The St. Louis Blues have looked better in their last few games, but came up on the short end. Despite forcing overtime against two division leaders in Vegas and Toronto, it was two combined points dropped in their last two games.
St. Louis really needed a win. Looking at the standings, a win should be easy against the Chicago Blackhawks.
No matter which team is terrible, it’s often not an easy win. That’s how it would turn out in this game.
Regardless of what you want to blame it on, the Blues just weren’t good enough in the first period. Some might say the Blues played down to Chicago’s level or they thought things might be easier than they were.
It doesn’t matter. St. Louis was somewhat fortunate to get out of the first 20 minutes with the score tied.
Despite a sloppy opening period overall, the Blues got on the board first just over three minutes in. It was a great effort goal.
Josh Leivo cashed in twice, in a way. His check on the nearside wall forced a slightly bad pass, which the Blues turned over. St. Louis then went tic-tac-toe for a tap in by Leivo and a 1-0 score.
The Blues kept that score line almost half the period, but then they got too loose. Some poor puck management led to a two-on-one break and Chicago also got a breakaway as well, which the Blues were fortunate to keep out.
Their luck could only hold so long. Chicago eventually got one in on the power play after a failed clearing attempt allowed the Blackhawks to find Patrick Kane for a screened wrister from the left circle.
St. Louis calmed things down and put the clamps on in the second period. After being outshot in the first, the Blues hit the net 15 times in the second period compared to just five for Chicago.
The Blues only cashed in on one of those shots, but that’s all they would end up needing. A little over eight minutes in, Chicago blindly put a puck from their endwall out through the middle. Calle Rosen said thank you very much and smashed a wrister past the goaltender’s blocker for a 2-1 lead.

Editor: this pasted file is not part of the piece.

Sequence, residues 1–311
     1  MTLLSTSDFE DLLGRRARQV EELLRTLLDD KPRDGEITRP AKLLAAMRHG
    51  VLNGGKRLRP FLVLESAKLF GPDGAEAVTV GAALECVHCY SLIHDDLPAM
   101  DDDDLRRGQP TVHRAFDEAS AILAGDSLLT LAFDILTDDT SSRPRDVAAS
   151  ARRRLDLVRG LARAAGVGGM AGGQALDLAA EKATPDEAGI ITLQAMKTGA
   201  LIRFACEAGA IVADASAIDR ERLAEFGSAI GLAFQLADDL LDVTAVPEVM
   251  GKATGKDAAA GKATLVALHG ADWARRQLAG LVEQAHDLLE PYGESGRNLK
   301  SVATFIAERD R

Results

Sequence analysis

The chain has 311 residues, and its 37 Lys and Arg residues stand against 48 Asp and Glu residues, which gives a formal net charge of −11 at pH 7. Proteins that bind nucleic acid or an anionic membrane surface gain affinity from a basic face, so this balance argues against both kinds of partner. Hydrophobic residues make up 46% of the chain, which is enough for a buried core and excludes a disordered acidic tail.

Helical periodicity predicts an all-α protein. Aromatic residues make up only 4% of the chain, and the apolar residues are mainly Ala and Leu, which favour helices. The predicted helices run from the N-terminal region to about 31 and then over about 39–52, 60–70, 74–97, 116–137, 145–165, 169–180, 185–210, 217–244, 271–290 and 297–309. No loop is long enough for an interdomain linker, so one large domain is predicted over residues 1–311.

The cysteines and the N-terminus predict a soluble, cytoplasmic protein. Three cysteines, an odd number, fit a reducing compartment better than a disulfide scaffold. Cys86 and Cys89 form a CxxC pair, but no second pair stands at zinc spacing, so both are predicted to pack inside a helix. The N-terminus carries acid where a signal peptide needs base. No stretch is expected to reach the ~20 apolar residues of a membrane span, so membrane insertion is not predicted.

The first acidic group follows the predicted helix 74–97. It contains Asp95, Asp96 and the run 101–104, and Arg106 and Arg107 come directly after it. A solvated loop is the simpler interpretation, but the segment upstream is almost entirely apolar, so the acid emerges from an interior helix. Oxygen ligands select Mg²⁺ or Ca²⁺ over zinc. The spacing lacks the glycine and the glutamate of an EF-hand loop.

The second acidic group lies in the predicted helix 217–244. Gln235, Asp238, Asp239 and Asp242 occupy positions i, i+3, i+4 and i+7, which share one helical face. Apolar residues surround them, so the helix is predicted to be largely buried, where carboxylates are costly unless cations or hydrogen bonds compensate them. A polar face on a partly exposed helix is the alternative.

St. Louis made it ugly in the third period, but effective enough. There were only 11 total shots between the two teams in the final frame, six of which came from Chicago.
Still, the Blues did well under pressure and stood up for their goaltender. Even when under pressure and the Blackhawks net empty, St. Louis didn’t allow a shot on goal in the final minute of play.
Former Blackhawk Brandon Saad put the icing on the cake with a long-range empty net goal. St. Louis won it 3-1.
Cons: Sloppy first period
One thing I have come to realize about this incarnation of the Blues is that they are what they are. They have the talent to be better, but the reality is they are a middle of the road team.
With that in mind, we can’t sit here and say they’re light years above the Blackhawks. The Blues are capable of competing with the very best in the league, but they’re also not that much better than the worst.
So, they need to always come out hard and expect a hard game. Too often, that is not the case and it felt like the case here.
I don’t want to say they overlooked Chicago, but I do wonder if they were subconsciously hoping for an easier game. When Chicago came to play in the first period, the Blues were just on their heels.
The passing was not very good. The shots were not of great quality it was just not a great period.
We’ve seen far worse, for sure. You would just like to think that getting a goal in the first five minutes would charge this team up and they’d get things rolling.
Instead, it felt like they were fortunate to be tied after the opening frame.
Before the social media crew gets overboard, let’s pump the brakes and realize that there is a reason that Calle Rosen has not established himself as an every day player in the NHL. He’s 28 years old and never played more than 18 games in a season.
However, for the last two games, and maybe for the short-term future, he’s what the Blues have needed. He’s a straight forward player.